This is an adorable first book in a series. It is appropriate, both in maturity and reading level, for an 8-10 year old – and it would be equally enjoyable to boys and girls. The children’s adventures are exciting, but not violent or scary. Some interesting questions of ethics are brought up: for instance, should we support the people who have always been in power and who appear to fight for “good,” even when they haven’t ever helped us?
I look forward to the rest of the books in the series.
Although this book was in no way overtly religious, it definitely has the savior vs. super-powerful-creature-of-evil allegory which is common in epic fantasy. I doubt there is any explicit religious intent with this allegory, and I think it’s fascinating how this allegory slips into our literature so smoothly. It seems that our minds are programmed to search the world for saviors and for physical manifestations of evil. One could as easily interpret such naturally occurring patterns either as the cause or the effect of religious beliefs. I mean, it’s as easy to say that we search for a savior because in our hearts we know He is out there as it is to say that we believe in a Savior because that’s the mechanism our brains have developed to cope with life’s difficulties. But whichever way you believe (and most people have an opinion on the subject), it is undeniable that we crave such stories.
Reason for Reading: Trying to keep up with my nephew’s reading. 🙂
Genre: Children’s Fantasy
Hiccup Horrendous Haddock, the famous Dragon-whisperer of lore, had to learn about dragons somehow – and this book chronicles his growing pains. He and a team of similarly-aged kids must capture and train baby dragons in order to be accepted into their Viking clans as adults. They face expulsion if they fail! But Hiccup’s dragon simply isn’t cooperating. First of all, it’s tiny and toothless – which is humiliating for the dragon of the son of the Chief. Second, it has an attitude problem: it refuses to be trained. It looks like Hiccup might be expelled from his Viking clan! But then some sea-dragons emerge from the depths of the ocean – and only Hiccup (well, with help from his dragon and his friends) can save his people.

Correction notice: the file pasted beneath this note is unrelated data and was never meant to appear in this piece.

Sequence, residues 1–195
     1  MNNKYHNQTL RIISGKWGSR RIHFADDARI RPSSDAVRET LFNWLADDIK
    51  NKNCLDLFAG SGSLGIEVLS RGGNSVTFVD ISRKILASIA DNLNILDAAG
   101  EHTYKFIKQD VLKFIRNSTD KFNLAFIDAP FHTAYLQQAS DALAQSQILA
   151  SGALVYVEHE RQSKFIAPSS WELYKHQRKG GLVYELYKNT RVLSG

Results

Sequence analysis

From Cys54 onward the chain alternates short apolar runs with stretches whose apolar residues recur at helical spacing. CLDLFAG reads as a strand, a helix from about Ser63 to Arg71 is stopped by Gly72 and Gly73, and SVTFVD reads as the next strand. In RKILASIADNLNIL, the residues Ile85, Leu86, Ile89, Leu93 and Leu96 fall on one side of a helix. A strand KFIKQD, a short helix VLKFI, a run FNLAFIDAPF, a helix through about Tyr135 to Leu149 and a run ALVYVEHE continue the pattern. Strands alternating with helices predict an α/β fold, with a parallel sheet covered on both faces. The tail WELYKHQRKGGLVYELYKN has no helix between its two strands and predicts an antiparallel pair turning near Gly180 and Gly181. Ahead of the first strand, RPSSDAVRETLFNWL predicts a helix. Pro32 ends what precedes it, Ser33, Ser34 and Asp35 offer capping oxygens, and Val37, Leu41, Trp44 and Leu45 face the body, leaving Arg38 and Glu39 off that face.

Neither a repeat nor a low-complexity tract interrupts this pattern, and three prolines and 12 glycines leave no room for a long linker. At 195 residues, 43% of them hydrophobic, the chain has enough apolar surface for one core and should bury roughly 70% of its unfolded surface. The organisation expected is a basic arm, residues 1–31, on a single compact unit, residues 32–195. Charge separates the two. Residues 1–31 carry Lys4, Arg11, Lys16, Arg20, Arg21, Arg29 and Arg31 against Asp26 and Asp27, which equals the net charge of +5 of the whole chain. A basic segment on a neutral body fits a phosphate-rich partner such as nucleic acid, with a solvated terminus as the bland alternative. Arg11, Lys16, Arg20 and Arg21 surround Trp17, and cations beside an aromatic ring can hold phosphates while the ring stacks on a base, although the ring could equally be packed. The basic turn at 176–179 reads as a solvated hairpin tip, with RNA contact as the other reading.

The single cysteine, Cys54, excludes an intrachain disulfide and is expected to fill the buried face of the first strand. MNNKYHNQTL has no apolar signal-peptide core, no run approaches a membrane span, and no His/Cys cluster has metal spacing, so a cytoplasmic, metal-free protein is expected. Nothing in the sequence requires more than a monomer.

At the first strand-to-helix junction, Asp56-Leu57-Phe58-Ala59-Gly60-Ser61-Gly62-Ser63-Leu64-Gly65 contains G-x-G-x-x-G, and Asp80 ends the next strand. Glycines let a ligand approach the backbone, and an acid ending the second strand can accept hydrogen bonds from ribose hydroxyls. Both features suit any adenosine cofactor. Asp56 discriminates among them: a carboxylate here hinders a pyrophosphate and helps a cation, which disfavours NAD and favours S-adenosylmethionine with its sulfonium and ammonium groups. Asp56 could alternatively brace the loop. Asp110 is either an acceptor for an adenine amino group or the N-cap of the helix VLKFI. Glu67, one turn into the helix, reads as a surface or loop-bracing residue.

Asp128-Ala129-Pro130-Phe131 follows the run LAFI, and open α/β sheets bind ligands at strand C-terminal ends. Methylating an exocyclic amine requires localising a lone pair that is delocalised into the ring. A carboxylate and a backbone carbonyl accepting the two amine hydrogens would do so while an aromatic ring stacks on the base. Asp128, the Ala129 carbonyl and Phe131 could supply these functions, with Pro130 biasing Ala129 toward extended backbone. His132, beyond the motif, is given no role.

This was a hilarious book. My nephew, who isn’t a fan of reading, just gobbled this one up. He even sounds excited to read the next one. 🙂 There are funny pictures drawn throughout the story, and the narration itself is laugh-out-loud funny it a childish way. I really enjoyed this book.
I also loved the 2010 movie which was VERY loosely based on the book. The basic setting was the same – a Viking boy named Hiccup must save his clan from destruction at the teeth of hungry dragons – but that’s about all that’s the same. In the movie, dragons are creatures to be hunted. They aren’t kept as pets. Both the book and the movie are very cute and very funny. But in order to enjoy both, you need to be the type of person who is willing to accept that just because the plot is different, doesn’t mean the story is bad. (This is difficult for many people to admit!)
Reason for Reading: My nephew loved this series 🙂
Genre: Children’s Fantasy Graphic Novel
In this second book of the widely popular children’s graphic novel series Amulet (see the review for the first book here), Emily and Navin’s mother is still in a poison-induced coma, and the kids must journey to a dangerous forest to find the cure. They are led by a fox-man Leon Redbeard, who says that it is his job to bring them safely to a lost city of guardians. They are chased by the Elf King’s son Trellis, whose loyalties are questionable. This was a cute second book in the series – though the plot is still very childish and light. The kids (especially boys!) love it. 🙂
James and the Giant Peach, by Roald Dahl
Reason for Reading: To keep up with my nephew’s book reports
Genre: Children’s Adventure / Fantasy
After the tragic death of his parents, James has been living with his horrible neglectful, hateful aunts Sponge and Spiker. One day James is given a magical bag by a mysterious stranger – and in his excitement he trips on the root of a peach tree and dumps all the magic on the tree. Soon a peach larger than a house has grown out of the tree. James crawls into the peach and begins the adventure of a life-time.
This is another classic kids story that I read as a child and haven’t picked up since. I’m glad I had a reason to pick it up again, because it was really funny and silly and it had a lot of nostalgia for me. Dahl has just the right amount of humor and whimsy in his books. 🙂
After reading the book, my nephew and I watched the 1996 stop-action movie. It was a cute movie that followed the basic story-line well enough. But it was a bit too sentimental and it lacked the dark humor of Roald Dahl’s story. Cute for an hour’s entertainment, but nothing I’m going to watch again and again.